Writing a Personal Profile Article

A Personal Profile

Final Writing Assignment – A Personal Profile Article
You are going to write a story about a classmate.  Try not to make it a simple biographical profile but rather a story about a current passion, a major past life event, or a dream for the future.

Take at least 30 minutes to interview each other.  You can ask the questions below or any others you’d like.  Try to find an interesting ‘angle’ and pursue that by asking lots of follow-up questions.

  1. What’s on your mind these days?
  2. What’s something most people don’t know about you?
  3. What were the most significant events/turning points of your life?
  4. What do you want to be doing in 5, 10, 20 years?
  5. What is your biggest regret?
  6. Who are your heroes and role models?
  7. What are you most proud of so far?
  8. What’s your favorite (book, quote, movie, song, etc..)?  Why?
  9. What are your greatest strengths and weaknesses?
  10. What would you like to change about yourself?
  11. How would you describe yourself?  How would you like to be described?
  12. What have been the highlights and lowlights of your life? time at BUFS? semester?
  13. Tell me about your family.  Close friends.
  14. How would you describe your family culture?
  15. What were you like as a child? teenager?
  16. What was your dream job as a child? What is it now?
  17. How do you spend your free time?
  18. What have been the best and worst parts of your university experience?

Writing a Personal Profile Article

  • How to Write a Profile Feature Article – The New York Times

    Decide on an approach.
     Outlining your story is the best way to start. This means reviewing your notes, marking the most interesting or articulate quotes, making a list of important points, and creating a structure into which you can fit your information. Spend extra time of the beginning of your story. Readers will decide whether to proceed based on the capacity of your lede to grab their interest.Put your story in context. You must help answer a reader’s biggest question about any story: Why should I care?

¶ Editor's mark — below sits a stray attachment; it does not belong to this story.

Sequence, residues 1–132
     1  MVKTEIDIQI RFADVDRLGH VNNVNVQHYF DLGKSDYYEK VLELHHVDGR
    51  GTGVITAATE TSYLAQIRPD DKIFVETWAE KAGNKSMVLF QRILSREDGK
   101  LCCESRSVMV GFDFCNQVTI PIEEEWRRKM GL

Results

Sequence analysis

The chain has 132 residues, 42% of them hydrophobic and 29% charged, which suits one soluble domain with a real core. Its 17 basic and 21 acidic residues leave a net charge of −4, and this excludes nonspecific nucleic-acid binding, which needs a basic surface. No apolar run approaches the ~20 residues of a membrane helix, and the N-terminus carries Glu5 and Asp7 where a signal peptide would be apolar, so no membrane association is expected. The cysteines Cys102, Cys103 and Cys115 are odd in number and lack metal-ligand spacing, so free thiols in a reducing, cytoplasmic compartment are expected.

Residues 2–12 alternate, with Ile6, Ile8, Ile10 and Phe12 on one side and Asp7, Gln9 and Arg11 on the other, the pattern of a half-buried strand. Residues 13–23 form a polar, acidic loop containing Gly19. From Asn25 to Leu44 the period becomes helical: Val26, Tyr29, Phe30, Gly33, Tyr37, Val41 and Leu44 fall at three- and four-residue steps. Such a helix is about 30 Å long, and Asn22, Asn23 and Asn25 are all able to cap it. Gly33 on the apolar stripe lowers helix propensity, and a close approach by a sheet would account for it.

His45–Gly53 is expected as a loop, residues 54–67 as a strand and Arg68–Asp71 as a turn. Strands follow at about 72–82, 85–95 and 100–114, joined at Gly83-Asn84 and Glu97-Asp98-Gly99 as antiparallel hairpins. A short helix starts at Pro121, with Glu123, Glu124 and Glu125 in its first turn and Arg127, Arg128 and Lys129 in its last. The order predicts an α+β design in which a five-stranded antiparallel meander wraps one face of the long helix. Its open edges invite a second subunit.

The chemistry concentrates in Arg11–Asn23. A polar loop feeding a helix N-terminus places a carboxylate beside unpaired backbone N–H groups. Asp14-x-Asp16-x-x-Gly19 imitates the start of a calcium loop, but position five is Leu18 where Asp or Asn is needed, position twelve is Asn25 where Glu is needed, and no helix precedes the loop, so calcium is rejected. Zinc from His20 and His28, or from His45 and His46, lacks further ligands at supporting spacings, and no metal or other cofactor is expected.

•  Show, don’t tell. It is tempting to describe a room as messy or a person as nice. But carefully-observed details and well-chosen verbs make a much stronger impression than adjectives.
  •  Focus on what’s most compelling. Before you start writing, think through all the information you have and all the points you plan to make. What’s surprising? What’s important? What’s useful?
  • How to Write a Profile StoryThat theme should be introduced in the lead, it should be explored and often it will be returned to at the end of the story. Something of a person’s character, spirit and style will then be revealed through that theme.
    Be Curious: Good reporting skills equal good observation and listening skills. If you don’t understand something, ask the person to explain. Underline or circle all names, ideas, etc you’re unsure of so you can double check them.
  • Seven Tips for Producing Great Profiles

    Avoid Factual Overload

    Too many beginning reporters write profiles that are little more than an accretion of facts about the people they are profiling. But readers don’t particularly care when someone was born, or what year they graduated from college. So yes, include some basic biographical information about your subject, but don’t overdo it.Avoid Chronologies
    Another rookie mistake is to write a profile as a chronological narrative, starting with the person’s birth and plodding through their life up to the present. That’s boring. Take the good stuff – whatever it is that makes your profile subject interesting – and emphasize that right from the start.

    Make a Point About Your Subject
    Once you’ve done all your reporting and gotten to know your subject reasonably well, don’t be afraid to tell your readers what you’ve learned. In other words, make a point about what kind of person your subject is. Is your subject shy or aggressive, strong-willed or ineffectual, mild or hot-tempered? If you write a profile that doesn’t say something definitive about its subject, then you haven’t done the job.


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